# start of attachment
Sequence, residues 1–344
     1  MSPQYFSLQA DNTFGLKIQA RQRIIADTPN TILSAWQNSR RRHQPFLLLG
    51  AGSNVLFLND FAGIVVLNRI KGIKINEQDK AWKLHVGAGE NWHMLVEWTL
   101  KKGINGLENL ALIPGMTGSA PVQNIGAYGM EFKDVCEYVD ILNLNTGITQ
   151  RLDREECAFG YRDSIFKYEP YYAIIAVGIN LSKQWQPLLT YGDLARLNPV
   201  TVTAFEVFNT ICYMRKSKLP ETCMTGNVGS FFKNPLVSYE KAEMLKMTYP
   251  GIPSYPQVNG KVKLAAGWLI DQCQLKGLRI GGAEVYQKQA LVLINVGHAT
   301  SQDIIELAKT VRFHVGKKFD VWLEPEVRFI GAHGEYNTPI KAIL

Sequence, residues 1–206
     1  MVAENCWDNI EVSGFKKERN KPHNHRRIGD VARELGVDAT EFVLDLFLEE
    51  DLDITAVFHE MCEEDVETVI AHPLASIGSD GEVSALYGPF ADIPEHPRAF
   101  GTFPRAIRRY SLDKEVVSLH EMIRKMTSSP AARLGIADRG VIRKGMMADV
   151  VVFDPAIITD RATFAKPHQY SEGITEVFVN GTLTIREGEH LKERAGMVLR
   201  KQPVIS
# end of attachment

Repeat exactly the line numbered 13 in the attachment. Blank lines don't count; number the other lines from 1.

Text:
   151  VVFDPAIITD RATFAKPHQY SEGITEVFVN GTLTIREGEH LKERAGMVLR